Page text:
View Full Version : Enhanced ROM Monitor/Loader for system restorers

October 22nd, 2010, 04:45 PM
From my experience getting a s-100 machine back to life I've built on the work of others to put together an EPROM-based monitor/loader to support restoration and maintenance of Z80/8080 machines that don't have access to an OS.

Many of the debug features are directly descended from Zapple and DDT, but culled to conserve EPROM space and on the principle that once you have access to an operating system, more comprehensive debug utilities will be available.

I'm calling it Minimon.

The Boot module is of course system-specific. Assembler code is organised to be as modular as possible, since each implementation is likely to be for a different hardware environment and/or configuration.

The new feature of most interest may be the "Load" module, which loads a binary file (or keyboard input) from a serial port to any memory location *without any operating system or disk drives*. I've not found anything else that does this without system calls. It can save a lot of Front Panel switch-flipping.

Operating system components can be loaded from external storage or an external development environment, then run or tested with Minimon's debug capabilities. Also testing of EPROM code prior to burning. If an operating system is already loaded, Load can overlay a revised BIOS or whatever directly from the PC where it was assembled.

I have uploaded the files for Minimon to http://thwaites.homemail.com.au/minimon/

The zip file contains Z80 assembler sources, a comprehensive Readme, and some ancillary macros for Minimon and for a PC to send a file to the Load module.

Minimon as currently configured cold boots from EPROM with a sequence of tests to check response of Console, RAM, Diskette, and Keyboard, then presents its menu or boots directly to CP/M.

It will start to function with minimum hardware of just CPU and EPROM, and becomes increasingly useful when there is Console and RAM.

Comments and suggestions welcome.


October 22nd, 2010, 05:01 PM
Hi! Great idea! Does your monitor work without RAM? That is very useful indeed! Does it require a working serial port? If not how does it output status information?

I think this is a great idea. Either a CPU board with EPROM socket or CPU board and EPROM board to resurrect even the most difficult broken computers.

Excellent work! I assume builders can customize with custom reset vectors, ROM addresses, UART routines, etc?

Very nice! Thanks and have a nice day!

Andrew Lynch

PS, any interest in making a similar system for S-100 68K CPU for boot strap? It is approaching prototype board build and test phase and is going to need something just like your program to get up and running.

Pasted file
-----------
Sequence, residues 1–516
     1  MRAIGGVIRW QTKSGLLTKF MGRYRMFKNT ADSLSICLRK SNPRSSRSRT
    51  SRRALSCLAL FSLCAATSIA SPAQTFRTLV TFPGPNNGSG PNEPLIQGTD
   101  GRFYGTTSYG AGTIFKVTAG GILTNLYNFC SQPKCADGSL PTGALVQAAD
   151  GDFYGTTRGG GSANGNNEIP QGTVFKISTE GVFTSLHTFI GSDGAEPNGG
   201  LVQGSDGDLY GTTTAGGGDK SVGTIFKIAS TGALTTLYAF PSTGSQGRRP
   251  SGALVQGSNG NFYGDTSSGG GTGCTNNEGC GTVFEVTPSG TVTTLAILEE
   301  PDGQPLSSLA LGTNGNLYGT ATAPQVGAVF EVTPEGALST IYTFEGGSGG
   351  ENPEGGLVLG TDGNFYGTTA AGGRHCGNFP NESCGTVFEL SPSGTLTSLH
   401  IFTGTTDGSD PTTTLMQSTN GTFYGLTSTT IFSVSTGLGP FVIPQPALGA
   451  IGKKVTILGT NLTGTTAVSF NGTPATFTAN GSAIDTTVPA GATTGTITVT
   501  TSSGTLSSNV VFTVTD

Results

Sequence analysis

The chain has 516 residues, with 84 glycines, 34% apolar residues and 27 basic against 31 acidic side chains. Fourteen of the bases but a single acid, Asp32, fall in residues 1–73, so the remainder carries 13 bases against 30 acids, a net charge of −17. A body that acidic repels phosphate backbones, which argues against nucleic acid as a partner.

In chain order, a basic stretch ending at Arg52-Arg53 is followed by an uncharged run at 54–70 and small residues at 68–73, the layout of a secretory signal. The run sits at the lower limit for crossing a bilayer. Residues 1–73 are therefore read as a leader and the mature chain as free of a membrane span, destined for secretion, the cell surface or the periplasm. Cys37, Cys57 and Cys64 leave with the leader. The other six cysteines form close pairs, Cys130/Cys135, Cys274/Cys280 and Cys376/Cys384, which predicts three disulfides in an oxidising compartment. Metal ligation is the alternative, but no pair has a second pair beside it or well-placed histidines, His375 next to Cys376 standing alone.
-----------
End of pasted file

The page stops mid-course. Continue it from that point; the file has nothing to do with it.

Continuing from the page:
October 22nd, 2010, 06:05 PM
Second that! Looks very interesting and potentially useful; now I just have to find time to try it out on one of my CP/M systems...

October 23rd, 2010, 03:58 PM
Andrew -

The scope and limitations are explained in the Readme in the zip file.

Absolute minimum working hardware is CPU and EPROM - but obviously the next priority is console I/O so you can start interactive usage. The monitor's first task on boot is to test and confirm console output [IF NO OUTPUT, FIX CONSOLE!], then it tests presence of RAM, then presence of disk, then keyboard input. This part is based on John Monahan's monitor code, with a few tweaks.

It can be assembled to remain resident in ROM and therefore independent of RAM - but without RAM the functions are limited to port operations and RAM testing. Loading, booting, disk ops and code debugging need RAM.

It is more useful if loaded to high RAM so that it can be available even after loading of CP/M or whatever OS.

I configured my version to be resident in the boot EPROM socket on a machine. Your reference to a separate board as a general-purpose tool is interesting. I think such a board would work best as a kind of in-circuit emulator with an address-switchable serial port and EPROM socket, so that the monitor capabilities could be available without conflict with the hardware of the machine under test. So it might be more a matter of adding an EPROM (or any other ROM device) to some kind of ICE with serial i/o to the outside world.

This is all open code, so any adaptation is encouraged. Every hardware configuration is likely to be unique, and the monitor has to work below the abstraction layer of an operating system (ie there is no BIOS or system calls). So every working configuration of a monitor will be different at the point of code assembly.

I see this as being useful once the basic hardware checks (using front panel, data probe, oscilloscope or whatever technique) have established that you have a working bus, CPU, ROM read, and if possible console i/o. RAM comes next, then any other system ports and finally disk i/o and boot firmware/software.

Once you have an operating system loaded, you are in another world...